Judge Russell Engebretson believes that's no way to treat a lady.
Fernando Colomo's romantic comedy is based on the real-life adventures of British author Gerald Brenan, who in the 1920's settled down in a remote Spanish village for inspiration.
Shortly after the end of the First World War, Gerald Brenan (Matthew Goode, Chasing Liberty), who is traveling by foot across southern Spain, stumbles into the small village of Yegen. Suffering from dysentery and exposure, he arrives during a graveside service and collapses. After his recovery, he rents a hacienda, hires a village woman to cook and clean, and settles in for an extended stay to pursue his writing.
The twenty-something Brenan is attracted to 16-year-old Juliana (Verónica Sánchez), the village witch's daughter, after he sees her bathing nude in the river. His pursuit of the girl embroils him in the political and personal machinations of the locals, and he finds himself a typical stranger in a strange land as events spin out of his control. Paco (Guillermo Toledo, The Perfect Crime), an urbane sophisticate compared to the average local yokel, befriends Brenan and clues him in to the Spanish small-town customs and way of life.
South From Granada is based on events taken from Gerald Brenan's book of the same name. The book, essentially a personal journal written more than three decades after his adventures in Spain, is still popular today. How closely the script follows the book I can't say, as I have not read it. Also, how closely Brenan's account reflects reality is anybody's guess, as no one is around to refute or confirm his stories. And that's an aspect of this film that bothers me. As I watched this movie, I was beset by nagging thoughts: Did it really happen this way? Were the personalities and motivations portrayed accurately, or manipulated by the writer to excuse his own caddish behavior? I suspect the latter, but can offer no proof other than an analysis of his actions on film rather than the lighthearted spin put upon them by the director.
Brenan was a minor figure in the literary Bloomsburg group and came from a moderately wealthy Victorian family, although the script takes pains to portray him as having limited funds (it seems the poor chap was cut off from the family fortune for a while). Late in the film, an inheritance is conveniently dropped in his lap. When things do not go his way, Brenan sometimes displays an insouciant arrogance that is unappealing but probably an accurate reflection of his upper class station in life. I don't feel a need to empathize with the star of a movie; sometimes the main character is meant to be repellant or unlovable. What I find bothersome here is that Brenan's choices, although they smack of egocentric manipulation, are bathed in a whimsical and nostalgic glow. I felt his treatment of Juliana—in the end—was reprehensible, but the director does not want Brenan to appear a boor. Instead, we are treated to a weepy final scene that is somehow supposed to justify Brenan's behavior while tugging at our heartstrings. It's a shame the movie was not entirely fictionalized; a final act in harmony with the earlier tone of the film would have been a more emotionally satisfying experience.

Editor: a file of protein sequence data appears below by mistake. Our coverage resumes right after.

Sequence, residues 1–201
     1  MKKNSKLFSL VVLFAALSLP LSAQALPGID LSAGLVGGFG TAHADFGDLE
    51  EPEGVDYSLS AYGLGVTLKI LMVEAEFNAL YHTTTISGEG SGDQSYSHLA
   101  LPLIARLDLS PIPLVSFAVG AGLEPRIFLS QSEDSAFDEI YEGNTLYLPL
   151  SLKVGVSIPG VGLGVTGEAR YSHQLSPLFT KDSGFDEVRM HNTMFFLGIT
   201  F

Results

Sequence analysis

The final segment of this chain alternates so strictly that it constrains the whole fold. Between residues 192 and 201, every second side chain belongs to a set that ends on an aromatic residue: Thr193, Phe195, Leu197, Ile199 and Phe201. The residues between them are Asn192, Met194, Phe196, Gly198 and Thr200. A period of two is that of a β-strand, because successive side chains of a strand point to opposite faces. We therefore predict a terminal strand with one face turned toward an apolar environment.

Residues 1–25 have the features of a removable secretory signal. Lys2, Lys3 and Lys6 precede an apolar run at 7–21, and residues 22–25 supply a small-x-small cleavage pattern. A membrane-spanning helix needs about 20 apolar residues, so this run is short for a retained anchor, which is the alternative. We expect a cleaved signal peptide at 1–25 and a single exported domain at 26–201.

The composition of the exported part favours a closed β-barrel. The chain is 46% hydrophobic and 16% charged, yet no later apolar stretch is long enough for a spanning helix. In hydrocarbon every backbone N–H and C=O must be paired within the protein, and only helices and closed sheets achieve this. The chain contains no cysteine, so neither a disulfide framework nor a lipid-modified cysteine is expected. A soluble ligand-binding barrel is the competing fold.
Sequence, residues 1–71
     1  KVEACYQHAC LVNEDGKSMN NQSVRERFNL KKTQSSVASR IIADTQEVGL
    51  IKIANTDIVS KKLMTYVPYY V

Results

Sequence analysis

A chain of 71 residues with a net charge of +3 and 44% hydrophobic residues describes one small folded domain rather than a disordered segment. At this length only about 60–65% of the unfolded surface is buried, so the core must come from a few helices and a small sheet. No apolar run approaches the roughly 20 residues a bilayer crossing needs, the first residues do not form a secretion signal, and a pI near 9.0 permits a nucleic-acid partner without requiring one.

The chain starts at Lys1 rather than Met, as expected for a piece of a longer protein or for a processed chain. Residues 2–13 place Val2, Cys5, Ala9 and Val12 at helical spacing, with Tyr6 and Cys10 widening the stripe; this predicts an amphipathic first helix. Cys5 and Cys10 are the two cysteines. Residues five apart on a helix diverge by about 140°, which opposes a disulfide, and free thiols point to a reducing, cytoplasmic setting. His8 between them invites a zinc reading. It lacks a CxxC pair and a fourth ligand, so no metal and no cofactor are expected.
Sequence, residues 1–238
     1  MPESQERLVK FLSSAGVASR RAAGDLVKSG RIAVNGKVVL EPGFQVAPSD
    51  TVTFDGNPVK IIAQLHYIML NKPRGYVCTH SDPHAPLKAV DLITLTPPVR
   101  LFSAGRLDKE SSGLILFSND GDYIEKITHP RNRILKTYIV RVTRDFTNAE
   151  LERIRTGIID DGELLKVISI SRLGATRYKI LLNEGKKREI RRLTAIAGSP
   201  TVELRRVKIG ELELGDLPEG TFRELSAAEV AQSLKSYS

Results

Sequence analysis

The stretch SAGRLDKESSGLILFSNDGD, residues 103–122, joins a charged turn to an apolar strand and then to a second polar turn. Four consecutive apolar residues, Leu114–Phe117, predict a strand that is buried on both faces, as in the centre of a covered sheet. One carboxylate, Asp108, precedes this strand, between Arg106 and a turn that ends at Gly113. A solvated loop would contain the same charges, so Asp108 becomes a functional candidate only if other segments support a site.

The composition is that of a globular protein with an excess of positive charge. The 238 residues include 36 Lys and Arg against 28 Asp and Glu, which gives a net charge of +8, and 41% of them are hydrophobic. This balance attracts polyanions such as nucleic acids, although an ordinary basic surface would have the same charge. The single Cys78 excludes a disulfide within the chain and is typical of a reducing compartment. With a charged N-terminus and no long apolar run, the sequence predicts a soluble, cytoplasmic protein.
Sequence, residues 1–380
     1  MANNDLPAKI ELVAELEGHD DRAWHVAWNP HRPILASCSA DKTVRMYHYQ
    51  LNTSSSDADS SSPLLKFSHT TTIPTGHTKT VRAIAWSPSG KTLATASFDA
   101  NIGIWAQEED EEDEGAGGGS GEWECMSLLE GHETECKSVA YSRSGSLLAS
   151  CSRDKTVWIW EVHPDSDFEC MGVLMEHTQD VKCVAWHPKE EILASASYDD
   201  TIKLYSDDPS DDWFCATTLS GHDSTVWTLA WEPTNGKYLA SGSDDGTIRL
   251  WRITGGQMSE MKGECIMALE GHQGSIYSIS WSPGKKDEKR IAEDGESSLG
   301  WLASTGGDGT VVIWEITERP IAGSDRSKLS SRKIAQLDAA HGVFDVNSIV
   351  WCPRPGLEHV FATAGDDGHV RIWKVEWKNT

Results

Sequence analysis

In spite of its shortcomings, there are things to like about this movie. First, the cinematography: The film was shot not far from the actual location of Brenan's sojourn, and the pristine countryside appears to have escaped the developer's notion of progress. Mountains, greenery, and sun bleached adobe are awash in the golden light of southern Spain, all expertly captured by the fine director of photography José Luis Alcaine. Second, the music: Andalusia is the birthplace of flamenco, and the single, extended scene of flamenco dancing is authentic. There are no señoritas with black fans and castanets—only hand clapping, foot stomping, and passionate, sensual dancing to the accompaniment of fiercely rhythmic solo guitar. Last, the script: Although I've complained mightily about some aspects of the screenplay, there is an abundance of light comedy alongside wry observations of human nature. The first two-thirds of the film works well as a light romantic comedy set in an exotic locale. It's the final third of the film that leaves a bitter taste.
The DVD transfer is competent but nowhere near reference quality. The picture is slightly soft, and a few specks of dirt are noticeable. Color is good, and shadow detail is generally decent for the interior scenes. The audio is unspectacular but serviceable.
The short featurette (under twelve minutes) is a conglomeration of interviews filmed prior to completion of shooting. The actors and director voice opinions about the story and praise one another; it's standard bonus fare that can be skipped. Half a dozen trailers round out the skimpy extras.
Aside from my complaints about Brenan's character—or lack thereof—and the uncomfortable direction the latter third of the movie took, I believe South From Granada is worth seeing; the acting is solid, and the sense of time and place feels realistic. The passionate flamenco dance courtesy of Verónica Sánchez is reason enough by itself to justify a rental.
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Studio: Wellspring Media
• Making of Featurette
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